IRS Penalty Defense

IRS Penalty Defense 

  • Freeman’s tax controversy and litigation practice and attorneys have been nationally and regionally recognized, including in U.S. News and World Report’s Best Lawyers in America, Chambers & Partners, and “Leading Tax Controversy Litigation Attorney of the Year” in the State of Texas.
  • Freeman’s tax controversy and litigation attorneys are highly credentialed and experienced. They include a former Internal Revenue Service (IRS) trial attorney, a former clerk to the Chief Judge of the United States Tax Court, multiple tax law professors at highly-ranked and respected law schools, dual-credentialed Certified Public Accountants (CPAs), and multiple attorneys with advanced LL.M. tax degrees from the most prestigious advanced tax law programs in the United States. One-third of our attorneys are law professors at tier one law schools, effectively teaching the next generation of tax lawyers.
  • Freeman regularly takes on the nation’s biggest tax litigation firms: The Department of Justice Tax Division and IRS Chief Counsel. We bring a systematic approach to tax litigation, and we are rewriting the odds in complex tax disputes, one case at a time.

IRS Civil Penalties Tax Litigation

The Internal Revenue Code (the “Code”) houses more than 150 civil penalties.  And additional civil penalties exist outside of the Code.  For example, Title 31 of the United States Code imposes draconian civil penalties related to FBAR filings.

IRS guidance specifically advises IRS examiners to look for and propose all appropriate civil penalties during the course of their examinations.  Therefore, the IRS routinely—and sometimes even systemically—imposes civil penalties against taxpayers.

Taxpayers are not left without options.  Rather, they can contest the civil penalties by properly and strategically invoking various penalty defenses.  Freeman’s tax controversy and litigation attorneys are well-versed in raising these penalty defenses, including successfully having such penalties waived or abated at various stages, including IRS examination, IRS Appeals, or through Tax Court and federal court litigation, if necessary.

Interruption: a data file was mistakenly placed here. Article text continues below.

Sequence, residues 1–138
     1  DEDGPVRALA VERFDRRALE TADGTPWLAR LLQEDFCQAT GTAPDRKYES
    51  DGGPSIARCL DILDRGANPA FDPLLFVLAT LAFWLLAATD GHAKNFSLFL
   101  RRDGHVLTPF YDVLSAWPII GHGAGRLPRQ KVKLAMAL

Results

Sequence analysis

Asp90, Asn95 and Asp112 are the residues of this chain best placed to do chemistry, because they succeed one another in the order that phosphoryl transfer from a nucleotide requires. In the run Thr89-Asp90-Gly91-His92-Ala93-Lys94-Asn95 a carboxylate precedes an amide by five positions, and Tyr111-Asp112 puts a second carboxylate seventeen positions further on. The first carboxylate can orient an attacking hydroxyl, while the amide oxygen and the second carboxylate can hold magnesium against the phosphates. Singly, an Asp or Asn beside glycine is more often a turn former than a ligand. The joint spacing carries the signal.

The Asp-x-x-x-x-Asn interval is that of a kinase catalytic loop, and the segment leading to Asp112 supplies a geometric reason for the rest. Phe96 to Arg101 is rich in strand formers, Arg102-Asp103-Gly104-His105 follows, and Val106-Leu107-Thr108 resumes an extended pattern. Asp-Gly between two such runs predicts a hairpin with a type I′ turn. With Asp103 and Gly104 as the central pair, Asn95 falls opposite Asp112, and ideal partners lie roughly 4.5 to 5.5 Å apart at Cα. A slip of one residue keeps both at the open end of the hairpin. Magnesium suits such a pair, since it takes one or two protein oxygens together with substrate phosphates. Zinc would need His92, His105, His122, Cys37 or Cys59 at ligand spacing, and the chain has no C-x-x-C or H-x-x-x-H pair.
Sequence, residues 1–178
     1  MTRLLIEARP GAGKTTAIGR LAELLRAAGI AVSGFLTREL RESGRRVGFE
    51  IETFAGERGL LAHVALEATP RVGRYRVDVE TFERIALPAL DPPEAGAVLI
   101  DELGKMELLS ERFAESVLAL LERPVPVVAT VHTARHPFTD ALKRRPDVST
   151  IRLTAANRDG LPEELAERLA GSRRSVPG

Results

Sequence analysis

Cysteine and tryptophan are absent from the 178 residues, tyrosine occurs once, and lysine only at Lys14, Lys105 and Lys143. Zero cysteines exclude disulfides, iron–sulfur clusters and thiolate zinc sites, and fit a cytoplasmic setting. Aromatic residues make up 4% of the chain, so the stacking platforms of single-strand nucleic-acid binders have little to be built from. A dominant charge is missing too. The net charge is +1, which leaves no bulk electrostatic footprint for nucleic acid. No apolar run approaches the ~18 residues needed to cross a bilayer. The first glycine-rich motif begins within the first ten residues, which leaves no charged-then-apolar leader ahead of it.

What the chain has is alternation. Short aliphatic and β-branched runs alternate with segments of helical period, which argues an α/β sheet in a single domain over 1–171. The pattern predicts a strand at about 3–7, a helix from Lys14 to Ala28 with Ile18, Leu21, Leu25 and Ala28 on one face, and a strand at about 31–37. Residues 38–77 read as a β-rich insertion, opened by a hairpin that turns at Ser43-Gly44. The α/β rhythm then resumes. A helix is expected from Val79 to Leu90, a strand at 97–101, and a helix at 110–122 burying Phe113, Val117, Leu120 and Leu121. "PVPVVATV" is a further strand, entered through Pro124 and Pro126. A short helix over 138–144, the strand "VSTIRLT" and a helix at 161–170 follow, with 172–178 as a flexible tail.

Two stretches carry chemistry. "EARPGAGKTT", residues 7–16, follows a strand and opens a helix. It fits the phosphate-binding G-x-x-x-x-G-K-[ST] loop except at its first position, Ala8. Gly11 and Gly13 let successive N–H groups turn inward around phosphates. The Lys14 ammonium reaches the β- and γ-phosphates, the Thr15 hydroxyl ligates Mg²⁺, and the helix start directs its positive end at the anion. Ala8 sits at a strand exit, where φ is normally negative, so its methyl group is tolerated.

Failure-to-File and Failure-to-Pay Penalties 

Taxpayers who file tax returns late or make late payments of tax to the IRS may be liable for late-filing and late-payment penalties.  Generally, these penalties apply to a host of various tax return and tax payment obligations, including those related to individual income tax returns, corporate income tax returns, estate and gift tax returns, and employment tax returns.

The late-filing penalty is 5 percent of the amount of tax required to be shown on the return if the failure is not more than one month, increasing to additional 5 percent penalties for each subsequent month.  The penalty may not exceed 25 percent in the aggregate and may be reduced to the extent that the late-payment penalty is also imposed for the same month.

The late-payment penalty is 0.5% of the amount of tax shown on the return if the failure is not more than one month, increasing to additional 0.5% penalties for each subsequent month.  Similar to the late-filing penalty, the late-payment penalty may not exceed 25 percent in the aggregate.

Accuracy-Related Penalties